Century Engineering turns to the cloud to keep our waterways clean

This innovative consulting firm is improving how stormwater facilities operate by monitoring and autonomously adapting performance in real time.

Century Engineering logo Industry Manufacturing, Public Utilities Challenge

Century wanted to leverage IoT and the cloud to securely scale its tech-driven system that monitors local conditions, assesses forecasted precipitation data and autonomously controls the operations of stormwater facilities.

Solutions Cloud Native Development, Internet of Things & Edge, Data Management Platforms Amazon Web Services (AWS)

Our customer

Founded in 1953, Century Engineering, Inc. is a multidisciplinary consulting firm that assists public and private clients in the planning, design and management of a wide range of engineering services, from civil engineering to wastewater management.

 

“Working with Onica (a Rackspace Technology Company) has allowed us to stay on top of the available technologies, and they have supported our project in a way that reinforces we are building one of the most reliable IoT and automated approaches to stormwater management.” 
Bob Bathurst, MS, PE, D.WRE, LEED AP® Principal, Century Engineering, Inc.
Century Engineering Case Study Image

Seeking a solution to meet EPA compliance

Stormwater runoff is one of the greatest challenges for water pollution control, because stormwater contamination is a leading contributor to the impairment of water bodies nationwide, according the Environmental Protection Agency. In 1987, the U.S. Congress mandated the EPA to control stormwater discharges according to the Clean Water Act of 1972. Among the EPA regulations is a requirement to monitor stormwater facility performance to help ensure intended pollution control goals are reached.

Meeting that compliance directive has not been easy, because manually monitoring stormwater facility performance can be difficult. Century Engineering, headquartered in Hunt Valley, Maryland, began looking for a solution that could provide real-time remote stormwater facility monitoring and automated control. The result is the creation of the intelligent, performance enhancing SmartSWM™ stormwater management system.

To create the market-ready solution, the company utilized services from Onica. Onica is a leading AWS Partner Network (APN) Premier Consulting Partner and the expertise in IoT and AWS services that they brought to the project made them an ideal consultant.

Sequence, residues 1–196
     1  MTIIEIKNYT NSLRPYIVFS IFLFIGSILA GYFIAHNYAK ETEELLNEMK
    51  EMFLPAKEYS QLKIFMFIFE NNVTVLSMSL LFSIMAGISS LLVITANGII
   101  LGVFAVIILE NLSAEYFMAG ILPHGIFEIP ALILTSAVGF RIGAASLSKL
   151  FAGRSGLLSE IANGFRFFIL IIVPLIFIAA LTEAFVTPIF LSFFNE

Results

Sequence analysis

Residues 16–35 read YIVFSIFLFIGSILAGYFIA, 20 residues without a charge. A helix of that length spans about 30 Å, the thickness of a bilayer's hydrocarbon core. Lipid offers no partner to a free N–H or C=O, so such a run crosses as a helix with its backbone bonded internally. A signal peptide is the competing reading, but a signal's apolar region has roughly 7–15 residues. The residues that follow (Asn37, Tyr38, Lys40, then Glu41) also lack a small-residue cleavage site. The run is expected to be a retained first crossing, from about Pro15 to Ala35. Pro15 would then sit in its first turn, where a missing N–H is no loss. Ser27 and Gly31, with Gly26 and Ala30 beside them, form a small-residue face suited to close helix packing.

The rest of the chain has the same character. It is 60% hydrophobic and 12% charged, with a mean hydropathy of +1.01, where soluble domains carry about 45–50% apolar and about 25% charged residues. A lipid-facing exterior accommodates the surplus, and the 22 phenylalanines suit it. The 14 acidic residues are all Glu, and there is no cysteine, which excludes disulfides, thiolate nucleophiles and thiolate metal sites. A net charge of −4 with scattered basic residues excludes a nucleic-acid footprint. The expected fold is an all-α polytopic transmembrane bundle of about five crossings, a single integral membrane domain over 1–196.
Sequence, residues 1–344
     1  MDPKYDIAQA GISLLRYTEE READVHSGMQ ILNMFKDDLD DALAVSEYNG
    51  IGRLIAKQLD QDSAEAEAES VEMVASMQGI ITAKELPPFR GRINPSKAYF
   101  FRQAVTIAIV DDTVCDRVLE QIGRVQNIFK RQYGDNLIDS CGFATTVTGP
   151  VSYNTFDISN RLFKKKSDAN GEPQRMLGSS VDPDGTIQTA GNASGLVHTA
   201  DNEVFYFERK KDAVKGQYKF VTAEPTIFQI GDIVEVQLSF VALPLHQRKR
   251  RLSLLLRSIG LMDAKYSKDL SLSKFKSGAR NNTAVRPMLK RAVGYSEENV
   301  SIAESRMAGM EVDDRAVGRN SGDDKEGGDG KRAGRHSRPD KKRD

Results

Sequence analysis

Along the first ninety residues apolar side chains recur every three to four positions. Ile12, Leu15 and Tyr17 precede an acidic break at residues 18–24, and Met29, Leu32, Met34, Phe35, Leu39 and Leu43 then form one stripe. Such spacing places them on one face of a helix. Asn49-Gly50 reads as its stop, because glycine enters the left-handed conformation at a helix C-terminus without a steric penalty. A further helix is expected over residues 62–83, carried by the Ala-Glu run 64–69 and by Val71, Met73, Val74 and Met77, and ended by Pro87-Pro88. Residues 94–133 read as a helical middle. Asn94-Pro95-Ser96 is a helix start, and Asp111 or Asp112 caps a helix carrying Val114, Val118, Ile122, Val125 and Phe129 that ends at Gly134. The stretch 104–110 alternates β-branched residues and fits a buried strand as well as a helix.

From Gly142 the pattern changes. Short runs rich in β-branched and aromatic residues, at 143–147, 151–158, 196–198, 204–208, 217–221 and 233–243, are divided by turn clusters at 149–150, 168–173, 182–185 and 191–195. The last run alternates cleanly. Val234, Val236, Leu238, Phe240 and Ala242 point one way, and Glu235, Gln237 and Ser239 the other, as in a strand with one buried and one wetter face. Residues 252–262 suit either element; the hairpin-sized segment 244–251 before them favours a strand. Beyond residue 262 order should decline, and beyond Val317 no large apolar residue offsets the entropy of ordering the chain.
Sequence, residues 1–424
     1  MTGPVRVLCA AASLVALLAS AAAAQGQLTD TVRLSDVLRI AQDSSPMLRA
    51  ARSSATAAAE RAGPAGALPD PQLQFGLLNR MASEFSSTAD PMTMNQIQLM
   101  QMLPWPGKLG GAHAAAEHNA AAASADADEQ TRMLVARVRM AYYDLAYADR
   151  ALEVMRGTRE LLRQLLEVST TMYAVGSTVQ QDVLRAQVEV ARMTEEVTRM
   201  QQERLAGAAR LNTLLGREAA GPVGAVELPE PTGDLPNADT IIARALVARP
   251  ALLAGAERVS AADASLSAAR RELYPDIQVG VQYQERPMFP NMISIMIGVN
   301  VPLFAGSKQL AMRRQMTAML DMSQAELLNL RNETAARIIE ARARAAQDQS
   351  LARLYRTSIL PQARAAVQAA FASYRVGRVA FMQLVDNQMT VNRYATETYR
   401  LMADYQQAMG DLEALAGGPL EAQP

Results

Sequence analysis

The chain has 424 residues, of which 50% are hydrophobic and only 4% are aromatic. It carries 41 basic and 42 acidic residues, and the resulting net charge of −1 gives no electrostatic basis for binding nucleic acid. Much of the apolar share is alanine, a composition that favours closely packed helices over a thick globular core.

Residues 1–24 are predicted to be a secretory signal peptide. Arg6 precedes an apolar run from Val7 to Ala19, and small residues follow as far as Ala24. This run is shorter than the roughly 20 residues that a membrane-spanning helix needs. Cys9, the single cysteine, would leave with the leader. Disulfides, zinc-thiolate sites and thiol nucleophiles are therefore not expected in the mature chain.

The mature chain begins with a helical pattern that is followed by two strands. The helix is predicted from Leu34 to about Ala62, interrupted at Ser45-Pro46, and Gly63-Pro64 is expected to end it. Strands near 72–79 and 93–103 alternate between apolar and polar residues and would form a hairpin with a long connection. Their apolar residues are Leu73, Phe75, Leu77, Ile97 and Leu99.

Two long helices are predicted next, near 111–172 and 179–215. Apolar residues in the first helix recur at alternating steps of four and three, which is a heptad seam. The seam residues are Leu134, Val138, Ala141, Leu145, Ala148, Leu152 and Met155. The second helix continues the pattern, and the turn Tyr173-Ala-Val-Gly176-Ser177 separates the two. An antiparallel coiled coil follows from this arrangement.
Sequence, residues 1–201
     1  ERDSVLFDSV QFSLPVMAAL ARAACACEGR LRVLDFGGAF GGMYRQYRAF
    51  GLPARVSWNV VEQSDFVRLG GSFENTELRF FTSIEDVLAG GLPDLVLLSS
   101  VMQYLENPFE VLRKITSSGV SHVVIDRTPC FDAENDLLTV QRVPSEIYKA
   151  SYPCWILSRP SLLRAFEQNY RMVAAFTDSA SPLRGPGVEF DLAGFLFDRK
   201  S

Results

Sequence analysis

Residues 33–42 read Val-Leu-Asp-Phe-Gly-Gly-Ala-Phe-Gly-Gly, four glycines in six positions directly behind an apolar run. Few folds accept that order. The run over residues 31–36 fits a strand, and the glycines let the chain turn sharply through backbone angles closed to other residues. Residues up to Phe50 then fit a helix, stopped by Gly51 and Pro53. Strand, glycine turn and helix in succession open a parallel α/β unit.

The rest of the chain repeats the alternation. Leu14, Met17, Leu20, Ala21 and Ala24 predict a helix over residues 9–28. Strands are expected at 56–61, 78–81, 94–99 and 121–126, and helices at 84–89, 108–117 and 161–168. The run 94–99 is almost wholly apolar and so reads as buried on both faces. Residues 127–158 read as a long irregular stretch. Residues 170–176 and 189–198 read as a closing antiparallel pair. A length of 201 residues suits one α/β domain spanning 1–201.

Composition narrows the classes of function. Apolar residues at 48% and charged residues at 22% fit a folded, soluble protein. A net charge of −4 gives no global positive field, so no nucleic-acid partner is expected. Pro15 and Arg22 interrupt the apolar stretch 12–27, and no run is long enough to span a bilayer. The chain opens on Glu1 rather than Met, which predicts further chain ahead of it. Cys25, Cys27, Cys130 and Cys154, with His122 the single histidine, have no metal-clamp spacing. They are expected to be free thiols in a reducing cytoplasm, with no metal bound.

Century Engineering Case Study Image

“Onica helped us to improve our overall product architecture, design custom hardware and refine our back-end logic to improve overall SmartSWM™ performance and scalability”

Bob Bathurst, MS, PE, D.WRE, LEED AP® Principal, Century Engineering, Inc.
Century Engineering Case Study Image

Choosing the ideal AWS consultant

According to applicable local, state, and/or federal regulations, owners of developed land are required to treat stormwater runoff to reduce pollutants before releasing it back into the environment. However, without accurate, real-time precipitation data, stormwater management facilities are predominately designed to retain stormwater runoff for no more than two days so they can be prepared for the next rain event.

This uniform modeling assumes that all wet weather events behave in the same ways. This approach is counterproductive to achieving maximum pollutant removal and runoff reduction since prolonging retention time in the stormwater practice is the principal means by which enhanced pollutant removal and runoff reduction is achieved.

In 2013, Century Engineering conceived a new approach to the situation. Principal Bob Bathurst, a professional engineer and Diplomate of the American Academy of Water Resources Engineers, began working on an idea that resulted in the creation of a first-generation smart stormwater management system that used leading web application development frameworks, microcontrollers and sensors.

The system was designed to track current facility storage and precipitation forecasts, then autonomously control a valve to adjust stored water volumes. A stormwater management facility’s storage volume is adjusted automatically in response to anticipated inflow associated with forecasted precipitation events. An outflow occurs in response to and in advance of a forecasted precipitation event; therefore, no discharge occurs during the precipitation event nor during the subsequent retention period. This technique provides the maximum retention time as determined from real-time, hyper-local weather forecast data while significantly reducing downstream erosion and flooding.

“Our system worked well but needed to be prepared for production-level applications,” said Bathurst. “The system required improvements to the hardware configurations, and we needed to better leverage the outputs of our on-board sensors so the system could perform more reliably.

“That’s when we turned to AWS, which connected us with Onica through its business partner program. Onica helped us to improve our overall product architecture, design custom hardware and refine our back-end logic to improve overall SmartSWM™ performance and scalability. Working with Onica was probably the best decision we could have made at that juncture of development. We worked really well together, and we appreciate everything the team has done to help us get SmartSWM™ where it is today.”

“They were able to listen to our objectives, review our existing system, and apply their in-depth knowledge of IoT and automation to help us implement industry best practices into the SmartSWM™ product. The system is a lot more reliable and secure thanks to Onica’s support.”